Just over half the group opted for “I listen to the comments and generally find them useful” and out of the rest only one person chose “I don’t listen to the comments”. The way the poll was designed basically only told me whether students listened to the audio and to some extent if they saw the comments in a positive light. I planned on following this up with a reflection topic but didn’t. The results didn’t seem overly negative, i.e. most students said they listened to the comments, so I probably didn’t see a pressing need to get more feedback, although it would definitely be useful to know more about why some felt the comments didn’t help them.

This semester I introduced another tweak, partly brought about by the fact that since I’d started recording audio comments I was aware of the fact that there was no transcript and that ideally there should be one, both in accordance with accessibility guidelines and also because it’s okay, I think, not to force people to listen at a certain speed (or even twice that speed) if you can offer them the option of glancing at a transcript and picking out the main points. The other reason for the tweak was, as is so often the case, Twitter.

I started using the tool in the tweet with the Done well comments. I realize now that it says this particular tool is aimed at social media use, which I don’t recall being in focus that much back in February. I suppose it may have been and another reason for choosing it may have been the (subconscious) idea that anything to do with social media would appeal to students. Anyway, using it didn’t address the transcript issue because what you do is add captions, which should make it easier to follow what the person is saying but you still can’t process the information the way you would with a transcript available. Also, I have since learned that screen readers can only read transcripts, not captions. This wasn’t an issue for the students I’ve had these past semesters but if you’re making a recording for a larger group of students (on a MOOC, say) it would definitely be important. 

An upside I noticed is that recordings made with this tool are definitely shorter, which is great as I tend to ramble the minute I don’t prepare notes on what I want to say. The captions are generated by the software, so that’s done quickly but I still need to clean them up and it’s much quicker and easier if there isn’t much waffle. In fact, compared with the first screenshot above, in which there are three topics in the Done well section, this semester I only had one topic/video per Done well section. I really did plan on checking with the students if they noticed any difference between just audio and these recordings with a visual component, but the end of the semester is here and I don’t seem to have done that. Maybe next semester.

What are your thoughts on audio in courses which are mostly delivered asynchronously online? Do you think you would prefer engaging with the audio as opposed to going through transcripts? What strikes you as the ideal length for audio recordings?

Thanks for reading!

#ELTchat Edtech

#ELTchat summary 10/9/14: What’s the best idea/app/tool that you learnt since our last chat?

One of the things I love about Twitter is the unpredictability. You never know what random piece of news or wisdom you’re going to come across or what’s going to happen as a result. Living dangerously, I know. You could sign up for a MOOC on corpus linguistics, get offered work, spend hours wondering how come everybody spells ‘yep’ with an ‘e’ whereas you’ve always spelled it with a ‘u’…or you could find yourself volunteering to do an #ELTchat summary. In fact, on Wednesday two or three people apparently volunteered at the same time, which is either evidence of long-distance ESP – no, I don’t mean English for Specific Purposes – or people having missed #ELTchat. As pseudoscience is a dirty word, I’m going to go with the second option.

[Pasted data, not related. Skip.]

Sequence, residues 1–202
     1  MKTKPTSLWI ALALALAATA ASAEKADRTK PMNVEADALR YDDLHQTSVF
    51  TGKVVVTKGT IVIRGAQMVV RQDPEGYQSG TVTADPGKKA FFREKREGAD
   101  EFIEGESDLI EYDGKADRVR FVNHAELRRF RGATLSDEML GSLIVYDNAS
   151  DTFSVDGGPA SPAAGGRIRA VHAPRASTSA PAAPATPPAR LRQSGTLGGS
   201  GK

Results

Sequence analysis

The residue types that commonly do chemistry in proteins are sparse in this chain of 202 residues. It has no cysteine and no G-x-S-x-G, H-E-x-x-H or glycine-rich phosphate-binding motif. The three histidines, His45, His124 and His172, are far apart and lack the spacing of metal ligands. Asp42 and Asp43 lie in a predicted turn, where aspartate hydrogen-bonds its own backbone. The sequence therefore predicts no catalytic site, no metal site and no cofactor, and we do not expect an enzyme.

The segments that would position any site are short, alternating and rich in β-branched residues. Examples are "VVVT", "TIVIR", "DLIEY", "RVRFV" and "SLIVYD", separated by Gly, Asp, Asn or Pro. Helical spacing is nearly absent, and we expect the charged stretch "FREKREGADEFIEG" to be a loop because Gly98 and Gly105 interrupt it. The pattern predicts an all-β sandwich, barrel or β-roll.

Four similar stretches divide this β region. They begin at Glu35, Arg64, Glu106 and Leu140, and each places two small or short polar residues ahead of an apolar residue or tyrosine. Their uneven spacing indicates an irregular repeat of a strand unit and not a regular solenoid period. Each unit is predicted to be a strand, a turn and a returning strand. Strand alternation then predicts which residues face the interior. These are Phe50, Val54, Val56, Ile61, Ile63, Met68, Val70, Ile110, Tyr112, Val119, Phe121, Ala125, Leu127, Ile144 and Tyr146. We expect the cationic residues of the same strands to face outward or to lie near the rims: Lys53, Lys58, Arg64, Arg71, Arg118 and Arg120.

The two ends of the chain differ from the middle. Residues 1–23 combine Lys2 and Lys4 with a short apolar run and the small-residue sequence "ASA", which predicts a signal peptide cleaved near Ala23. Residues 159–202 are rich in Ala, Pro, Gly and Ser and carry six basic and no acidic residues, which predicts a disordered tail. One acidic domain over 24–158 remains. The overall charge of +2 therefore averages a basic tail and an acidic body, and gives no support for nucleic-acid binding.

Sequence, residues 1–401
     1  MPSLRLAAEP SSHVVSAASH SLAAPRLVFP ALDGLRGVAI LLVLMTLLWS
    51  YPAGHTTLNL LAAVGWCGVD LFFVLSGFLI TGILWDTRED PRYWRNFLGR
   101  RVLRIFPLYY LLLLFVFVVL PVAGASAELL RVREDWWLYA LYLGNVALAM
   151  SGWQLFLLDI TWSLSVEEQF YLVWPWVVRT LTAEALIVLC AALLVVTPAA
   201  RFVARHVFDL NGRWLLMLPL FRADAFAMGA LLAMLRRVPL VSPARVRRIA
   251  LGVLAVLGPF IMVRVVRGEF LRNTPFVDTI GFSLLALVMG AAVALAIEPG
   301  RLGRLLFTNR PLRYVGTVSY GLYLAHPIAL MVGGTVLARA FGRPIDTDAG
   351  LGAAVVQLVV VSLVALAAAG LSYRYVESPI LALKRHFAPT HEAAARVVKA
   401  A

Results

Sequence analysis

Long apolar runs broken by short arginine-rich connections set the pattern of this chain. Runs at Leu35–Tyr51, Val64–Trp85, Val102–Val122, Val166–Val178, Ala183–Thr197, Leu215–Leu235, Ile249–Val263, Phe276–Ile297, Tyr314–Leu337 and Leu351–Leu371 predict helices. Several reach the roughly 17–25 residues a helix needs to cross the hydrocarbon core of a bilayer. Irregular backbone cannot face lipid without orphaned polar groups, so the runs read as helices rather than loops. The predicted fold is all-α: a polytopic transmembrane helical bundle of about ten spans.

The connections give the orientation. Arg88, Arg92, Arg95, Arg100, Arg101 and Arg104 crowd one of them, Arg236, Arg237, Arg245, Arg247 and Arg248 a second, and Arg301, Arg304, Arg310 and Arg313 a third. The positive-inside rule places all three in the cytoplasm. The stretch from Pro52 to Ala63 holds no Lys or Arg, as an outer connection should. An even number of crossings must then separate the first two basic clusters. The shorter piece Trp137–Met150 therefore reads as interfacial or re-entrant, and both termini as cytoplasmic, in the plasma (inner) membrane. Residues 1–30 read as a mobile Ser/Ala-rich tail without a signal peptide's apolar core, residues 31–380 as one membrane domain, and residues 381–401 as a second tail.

Back to school
Back to school

This was the first #ELTchat after the summer holidays and the topic was highly practical. Much easier to summarize, too, than topics such as ‘benefits of observations and feedback’ or ‘how to deal with passive learners’ – just to randomly pick two that were discussed earlier on this year.

Conversation revolved around two main topics: online professional development and recommendations of specific technologies that #ELTchatters had tried out over the summer. There were also a couple of ideas that got considerable discussion time, but wouldn’t fit into either category, so I’ve included them towards the end as suggestions for future chat topics.

Online PD

Several people said they had done online courses or attended webinars since the last #ELTchat. Specific recommendations were:

  • Social Psychology on Coursera (@ozgurdogan)
  • Russell Stannard’s course on how to use Edmodo as a teacher (@SueAnnan) ~ Sue liked being able to see Edmodo from both sides at the same time. The course included learning about the backpack and how to upload content, among other things.
  • #TOBELTA conference sessions, specifically @leoselivan on grammatical mistakes (@tarabenwell) ~ recordings are available to everyone
  • IATEFL webinars by Barbara Hoskins Sakamoto ‘The Lives of English Language Teachers’ in July, and Nik Peachey ‘Getting the most out of online video resources’ in August (@MarjorieRosenbe) ~ recordings are available to members

Technologies (in alphabetical order)

  • (@HadaLitim): a great conference app to set up video chats, without registration (for up to 8 people) ~ More details can be found in Okan Bolukbas’s post. While on the topic of videoconferencing, LiveMinutes is another option; I mentioned it as an alternative because it was highly recommended to me, but I haven’t tried it out and no one else on #ELTchat seemed to have used it either.